Exclusive: Luton Airport terror cop sacked for taking cocaine

A counter terrorism officer who tested positive for cocaine but neglected to tell his superiors has been sacked.

Monday, 21st March 2016, 5:36 pm
Updated Wednesday, 23rd March 2016, 10:22 am
Luton Airport

At the time of the test Detective Constable Jonathan Fisher-Eames was attempting to transfer from the Counter Terrorism and Domestic Extremism unit at Luton Airport to SO15 – the Met Police’s counter terror command.

As part of his application Fisher-Eames, 42, was told to complete a mandatory drugs screening which tested positive for cocaine and its metabolites – benzoylecgonine and cocaethylene.

Despite being informed of the result over the phone on June 30 last year, Fisher-Eames kept the findings to himself and continued to work at Luton Airport until July 22 – when commanding officers at Hertfordshire Constabulary were notified by the Met.

Jonathan Fisher-Eames

A misconduct hearing held in Sandy on Wednesday was told that the 42-year-old fully accepted taking cocaine, but that it was just a ‘one off’.

Fisher-Eames was asked to take the drug test as he had already passed through the interview stage of his application and he was only later turned down by the Met due to his sickness record.

The tribunal was told that the results of the test were consistent with recreational use of the Class A drug.

Edwin Buckett, representing Herts Police, said: “The authority says that he should have reported that positive test and he was wrong not to do that.

Jonathan Fisher-Eames

“This officer kept quiet about that hoping it would not come to light because his application was not successful, he should not wait for written confirmation.”

He added: “In order to get Class A drugs there must be someone else involved, either that is a drug dealer or a friend acting as a drug dealer.

“Cocaine comes from organised crime.”

Mr Buckett conceded that Herts Police were unable to establish the length of time Fisher-Eames had been taking drugs, as his hair sample was not split into three strands at the time of the test.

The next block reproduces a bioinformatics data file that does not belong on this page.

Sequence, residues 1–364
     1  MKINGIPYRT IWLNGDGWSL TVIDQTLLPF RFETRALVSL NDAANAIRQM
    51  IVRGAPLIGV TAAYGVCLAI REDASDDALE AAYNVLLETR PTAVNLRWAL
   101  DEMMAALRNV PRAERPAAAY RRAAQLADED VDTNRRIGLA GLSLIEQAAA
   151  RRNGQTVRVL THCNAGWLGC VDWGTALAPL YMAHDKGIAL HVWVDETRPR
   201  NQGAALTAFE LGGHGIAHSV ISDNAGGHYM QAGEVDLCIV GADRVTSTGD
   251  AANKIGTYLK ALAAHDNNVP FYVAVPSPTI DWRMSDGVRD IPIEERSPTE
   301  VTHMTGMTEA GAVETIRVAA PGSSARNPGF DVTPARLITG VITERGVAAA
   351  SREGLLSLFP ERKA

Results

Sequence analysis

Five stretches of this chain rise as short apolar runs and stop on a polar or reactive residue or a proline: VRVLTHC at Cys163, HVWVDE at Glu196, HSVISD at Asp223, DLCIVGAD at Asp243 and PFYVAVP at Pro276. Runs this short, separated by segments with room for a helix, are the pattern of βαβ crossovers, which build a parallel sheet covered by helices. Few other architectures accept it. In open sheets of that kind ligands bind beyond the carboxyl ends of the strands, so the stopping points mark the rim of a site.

In an attempt to gain further detail the force sent Fisher-Eames’ hair sample to doctors in California, but the retest was unsuccessful.

Herts Police Federation general secretary Vojislav Mihailovic, representing Fisher-Eames, asserted that the 42-year-old’s consumption of cocaine was a “one off fall from grace”.

He added that Fisher-Eames had taken cocaine due to stresses in his professional and private life.

Mr Mihailovic said: “He has seen many traumatic experiences and like many police officers they keep that hidden.

“It is a case of ‘pull yourself together and get on with it’.

“This was a stressful time for him in his life due to the break up of his second marriage.

“It has been a catalyst for him in that he has had to admit to himself the impact of the stress and what has taken place in his private life.

“He is now seeking medical assistance going forward with that.”

A disciplinary panel – headed by an independent chair – ruled that Fisher-Eames breached police rules over discreditable conduct.

His actions were said to amount to gross misconduct and the 42-year-old has been dismissed without notice.

A Herts Police spokesperson told the Luton News: “The public demand and deserve the highest standards from their police officers.

“DC Fisher-Eames’ conduct in relation to the use of class A drugs fell below these high standards and we support the independent tribunal’s decision to dismiss him without notice.”

Herts police and crime commissioner David Lloyd added: “It is essential that police uphold the highest standards of conduct throughout their duties and in their private lives.

“I welcome the fact that these misconduct panels are now open to press and public as the transparency will contribute greatly to public confidence and reassurance.

“These misconduct panels are chaired by independent qualified panel members who have been appointed by police and crime commissioners and they bring even greater levels of fairness and openness to police misconduct matters.”